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Aviation: Singapore Airlines

Singapore Airlines (SIA) has come a long way since being founded on May 1, 1947 as Malayan Airways. T he airline’s first flight was from Singapore’s Kallang Airport to Kuala Lumpur, using a solitary Airspeed AS 65 Consul, on a three-times-a-week service. In 1967, by now a jet operator, the airline became Malaysia-Singapore Airlines and today’s airline was created in 1972 when the company was divided in to Malaysian Airlines System (MAS) and Singapore Airlines.

Today’s airline is now a world-class carrier that consistently wins acclaim for its service and reliability. Its success was built on the Boeing 747, the first going into service in 1972. This was the 747-200 and since then, the airline has operated the -300 and -400, the first of which was delivered in 1989. By 2003, SIA had more of the -400 than any other airline, with 39 passenger aircraft and 12 freighters. Like most long-haul carriers, the 747-400 has now been retired from passenger service, the final departure from Singapore in 2012 being given a commemorative flight number, SQ747 for a flight to Hong Kong. The return service used the number SQ748 and the airline’s executive vice president commercial, Mak Swee Wah, said: ‘The 747 was truly the jewel in our fleet for nearly four decades, and we would not be the airline we are today if we had not made the bold decision to purchase this iconic jetliner.’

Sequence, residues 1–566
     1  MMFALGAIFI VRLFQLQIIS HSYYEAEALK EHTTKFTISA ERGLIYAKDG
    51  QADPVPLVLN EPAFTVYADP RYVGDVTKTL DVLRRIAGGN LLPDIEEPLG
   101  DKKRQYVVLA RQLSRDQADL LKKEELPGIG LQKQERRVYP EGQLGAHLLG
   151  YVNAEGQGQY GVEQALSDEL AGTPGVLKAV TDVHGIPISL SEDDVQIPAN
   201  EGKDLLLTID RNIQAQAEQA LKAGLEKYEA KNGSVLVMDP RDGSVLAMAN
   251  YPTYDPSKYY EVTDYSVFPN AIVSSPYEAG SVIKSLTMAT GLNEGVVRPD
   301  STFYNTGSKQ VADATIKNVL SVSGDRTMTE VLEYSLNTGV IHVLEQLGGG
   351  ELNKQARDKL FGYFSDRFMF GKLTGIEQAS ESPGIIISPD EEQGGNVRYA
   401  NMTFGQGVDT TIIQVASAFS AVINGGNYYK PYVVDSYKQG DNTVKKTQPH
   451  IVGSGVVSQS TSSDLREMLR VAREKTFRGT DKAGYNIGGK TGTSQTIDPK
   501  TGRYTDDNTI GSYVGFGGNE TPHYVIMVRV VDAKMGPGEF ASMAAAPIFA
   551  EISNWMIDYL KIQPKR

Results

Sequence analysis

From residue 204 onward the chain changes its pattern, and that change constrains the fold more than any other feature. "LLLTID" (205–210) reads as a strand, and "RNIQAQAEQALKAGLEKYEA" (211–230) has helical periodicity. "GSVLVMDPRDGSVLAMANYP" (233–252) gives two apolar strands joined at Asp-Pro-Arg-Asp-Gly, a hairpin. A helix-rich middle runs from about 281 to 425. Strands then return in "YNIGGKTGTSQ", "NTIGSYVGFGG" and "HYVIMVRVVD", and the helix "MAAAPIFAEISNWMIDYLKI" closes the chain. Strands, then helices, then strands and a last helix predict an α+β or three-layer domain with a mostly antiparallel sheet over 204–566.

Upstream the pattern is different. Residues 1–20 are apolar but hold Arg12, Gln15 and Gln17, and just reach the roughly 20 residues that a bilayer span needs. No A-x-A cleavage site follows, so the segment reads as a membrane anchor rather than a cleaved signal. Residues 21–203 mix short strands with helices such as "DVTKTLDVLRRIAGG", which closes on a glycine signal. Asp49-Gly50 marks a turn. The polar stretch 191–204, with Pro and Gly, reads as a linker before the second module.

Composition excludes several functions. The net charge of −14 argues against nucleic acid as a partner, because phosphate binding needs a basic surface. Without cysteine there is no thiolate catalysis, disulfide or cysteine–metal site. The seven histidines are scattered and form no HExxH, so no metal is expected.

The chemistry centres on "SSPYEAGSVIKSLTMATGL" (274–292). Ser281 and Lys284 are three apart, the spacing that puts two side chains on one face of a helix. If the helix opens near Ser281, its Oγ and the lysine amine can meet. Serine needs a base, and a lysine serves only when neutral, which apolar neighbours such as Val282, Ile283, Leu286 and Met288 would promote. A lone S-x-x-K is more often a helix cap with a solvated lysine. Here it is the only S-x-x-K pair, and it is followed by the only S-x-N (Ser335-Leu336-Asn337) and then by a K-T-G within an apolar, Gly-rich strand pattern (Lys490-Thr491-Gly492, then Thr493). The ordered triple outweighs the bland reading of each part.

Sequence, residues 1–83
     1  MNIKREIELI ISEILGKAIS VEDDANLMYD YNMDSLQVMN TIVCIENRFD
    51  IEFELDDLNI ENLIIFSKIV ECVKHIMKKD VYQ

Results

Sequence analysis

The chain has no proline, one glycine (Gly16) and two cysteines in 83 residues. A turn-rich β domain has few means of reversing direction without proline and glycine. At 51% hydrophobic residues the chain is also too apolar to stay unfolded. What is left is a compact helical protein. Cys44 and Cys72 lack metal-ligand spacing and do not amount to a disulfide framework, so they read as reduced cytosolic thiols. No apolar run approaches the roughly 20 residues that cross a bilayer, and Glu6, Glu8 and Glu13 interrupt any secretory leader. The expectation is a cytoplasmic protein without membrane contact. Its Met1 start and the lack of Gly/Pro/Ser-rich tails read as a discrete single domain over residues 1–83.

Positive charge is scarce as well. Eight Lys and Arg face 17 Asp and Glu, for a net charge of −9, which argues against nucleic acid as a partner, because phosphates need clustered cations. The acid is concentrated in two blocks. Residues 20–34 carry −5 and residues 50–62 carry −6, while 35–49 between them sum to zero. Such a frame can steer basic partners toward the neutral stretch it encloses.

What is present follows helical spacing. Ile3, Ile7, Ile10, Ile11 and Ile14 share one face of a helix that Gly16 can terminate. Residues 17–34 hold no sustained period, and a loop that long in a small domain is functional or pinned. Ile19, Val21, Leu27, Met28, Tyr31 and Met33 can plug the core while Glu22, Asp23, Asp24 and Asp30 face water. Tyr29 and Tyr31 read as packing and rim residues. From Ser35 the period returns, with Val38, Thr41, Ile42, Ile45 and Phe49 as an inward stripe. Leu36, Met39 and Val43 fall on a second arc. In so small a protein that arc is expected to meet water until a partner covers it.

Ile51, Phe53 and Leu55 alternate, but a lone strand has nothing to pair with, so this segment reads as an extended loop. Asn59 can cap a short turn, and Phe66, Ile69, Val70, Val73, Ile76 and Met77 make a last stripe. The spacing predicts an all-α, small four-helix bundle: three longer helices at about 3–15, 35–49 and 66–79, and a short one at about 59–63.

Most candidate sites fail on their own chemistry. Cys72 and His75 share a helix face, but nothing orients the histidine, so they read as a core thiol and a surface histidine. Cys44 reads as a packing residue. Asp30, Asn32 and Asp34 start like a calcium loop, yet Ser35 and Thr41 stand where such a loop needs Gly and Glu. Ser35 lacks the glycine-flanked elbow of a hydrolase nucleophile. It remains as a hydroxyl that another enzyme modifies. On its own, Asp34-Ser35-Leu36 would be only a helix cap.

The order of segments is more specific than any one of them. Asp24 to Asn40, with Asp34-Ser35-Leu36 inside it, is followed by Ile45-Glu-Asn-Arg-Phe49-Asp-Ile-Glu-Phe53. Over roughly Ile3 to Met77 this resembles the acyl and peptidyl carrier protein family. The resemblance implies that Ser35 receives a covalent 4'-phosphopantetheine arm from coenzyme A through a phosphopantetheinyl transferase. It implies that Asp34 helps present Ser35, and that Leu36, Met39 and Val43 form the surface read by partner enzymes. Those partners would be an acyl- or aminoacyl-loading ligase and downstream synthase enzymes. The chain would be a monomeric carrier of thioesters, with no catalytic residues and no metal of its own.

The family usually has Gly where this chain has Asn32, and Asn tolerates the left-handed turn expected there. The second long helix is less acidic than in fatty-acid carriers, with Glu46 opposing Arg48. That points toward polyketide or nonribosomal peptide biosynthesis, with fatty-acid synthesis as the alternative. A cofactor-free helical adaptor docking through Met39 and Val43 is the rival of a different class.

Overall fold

Many of SIA’s services today are operated using the Airbus A380, and the airline accepted the first to be delivered to any airline on October 15, 2007. With a long-standing policy of operating a young fleet (of all types), on December 13, 2017 the airline took delivery of the first of five new A380s, which will replace the first five delivered ten years earlier. The Boeing 777 also features heavily in the company’s route structure and in October 2017 placed an order for 20 777-900s.